Tuesday, January 20, 2015

How to Fix a Squeaky Bit

Bits with hinged cheek pieces, such as D-rings, full cheeks and eggbutts, can develop a squeak over time. While the squeakiness doesn't interfere with the action of the bit, the sound made as the horse chews the bit can be annoying, while also potentially bringing attention at shows to a horse who over-chews the bit.

Because the bit cheeks come into such close contact with the horse's mouth, especially when a lot of saliva is produced, using a lubricant that isn't food-grade is a risk. Thankfully, there is an inexpensive food-grade solution that should help in most cases, and you likely already have it in your feed room or kitchen.

The simplest solution is to place a drop of vegetable oil (I have had great success with canola oil, but other common vegetable oils such as corn oil, soybean oil, etc., should also work) on each gap in the hinge. The oil will spread quickly, so it's important to move the hinge back and forth to work each drop of oil in before it drips off the bit. Repeat this for each gap, and then hang up the bridle to allow the oil some time to spread through the entire hinge before riding.

If this method doesn't stop the squeaking, it might be necessary to leave the bit to soak in a dish of your chosen vegetable oil so that the oil can penetrate more deeply.

If your bit resumes squeaking after some time, simply repeat the oiling process as needed.

Saturday, January 3, 2015

Grooming the Sensitive Horse

Some horses adore being groomed, while others would much rather be left alone. A thorough daily grooming plays a significant part in producing the deep shine that we aim for on show horses. Not only does it help you keep track of any changes on your horse's body, but it also increases circulation and distributes oil throughout the hair shaft to help produce the desired sheen. For these reasons, even those otherwise healthy horses who don't always enjoy being groomed really do benefit from a modified grooming program.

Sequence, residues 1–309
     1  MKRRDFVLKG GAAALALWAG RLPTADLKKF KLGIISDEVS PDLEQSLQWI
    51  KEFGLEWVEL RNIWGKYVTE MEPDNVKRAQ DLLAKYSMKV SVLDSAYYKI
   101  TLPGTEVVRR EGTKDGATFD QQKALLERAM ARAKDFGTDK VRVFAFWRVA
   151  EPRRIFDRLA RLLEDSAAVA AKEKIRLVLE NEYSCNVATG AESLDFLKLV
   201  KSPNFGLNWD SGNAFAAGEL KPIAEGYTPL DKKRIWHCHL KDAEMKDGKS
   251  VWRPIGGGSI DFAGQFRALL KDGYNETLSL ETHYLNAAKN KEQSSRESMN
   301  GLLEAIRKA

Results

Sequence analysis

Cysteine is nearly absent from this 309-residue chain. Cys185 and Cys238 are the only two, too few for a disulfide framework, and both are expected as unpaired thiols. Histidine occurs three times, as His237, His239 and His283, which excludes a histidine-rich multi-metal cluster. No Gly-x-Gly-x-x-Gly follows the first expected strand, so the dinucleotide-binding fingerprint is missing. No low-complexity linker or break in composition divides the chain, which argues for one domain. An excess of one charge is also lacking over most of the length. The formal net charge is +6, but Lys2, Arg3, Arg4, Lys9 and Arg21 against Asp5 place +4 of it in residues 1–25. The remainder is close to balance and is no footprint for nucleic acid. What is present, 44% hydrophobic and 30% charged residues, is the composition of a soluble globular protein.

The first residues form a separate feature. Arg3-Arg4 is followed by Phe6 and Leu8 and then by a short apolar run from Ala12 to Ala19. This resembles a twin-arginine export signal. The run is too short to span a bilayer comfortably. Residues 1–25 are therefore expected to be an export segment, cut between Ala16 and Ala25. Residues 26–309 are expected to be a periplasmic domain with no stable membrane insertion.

Sensitive horses often object to the curry comb because of its stiffness. Currying is important for both blood circulation and to bring dirt, dust and sweat up away from the skin. For those horses who dislike even the more jelly-like soft curries, I have found that a cactus cloth mitt can provide a suitable alternative.

Cactus (or sisal) cloth
Cactus cloth is made of natural sisal fibres woven into a textured pattern. Its texture allows it to penetrate deeply into the coat, but it is also very pliable and horses seem to enjoy being groomed with it. It is available on its own or sewn into a convenient mitt, often with fleece on the other side as an extra grooming tool. It can be used in the same circular motion as a curry comb, and horses will often tolerate it on the more sensitive parts of the body that can't be curried normally.

Cactus cloth can be used as an alternative to a curry comb, but it is also a useful grooming tool on its own for actions such as drying and removing sweat.

One downside to using cactus cloth is that it is more difficult to clean than a curry comb, and the fabric can trap dirt and sweat where it can't always be removed with a stiff brush. In addition to regular brushing, it's a good idea to clean your sisal mitt with soap or shampoo when it gets visibly dirty.

Many sensitive horses take a strong dislike to being groomed with a stiff dandy brush. I am not aware of any good alternative to the dandy brush aside from finding the softest bristles that will still do the job, so sometimes all you can do is spend extra time with the curry or cactus mitt and then move directly on to the body brush.

The brush on the left shows the longer "flicking" bristles
I have found that sensitive horses seem to prefer the lighter touch that is possible by using a long-bristled body brush. These brushes have soft bristles that are longer than average, allowing for more of a flicking motion that removes dirt and hair with more flexibility and less direct pressure. It is used with the same long, sweeping motions in the direction of hair growth as you would use with a regular body brush, but with a little bit more of a "flick" at the end of each stroke. 

Some horses might prefer natural bristles over synthetic bristles, but experimentation is required to determine whether this might be contributing to any reactiveness.

Overall, it's fine to adjust your grooming routine to meet an individual horse's needs as long as you are able to find alternatives that will accomplish the same aims. Grooming should be an enjoyable experience for the horse, and if pain or other health-related causes of sensitivity are ruled out, sometimes all that's required is a different set of tools.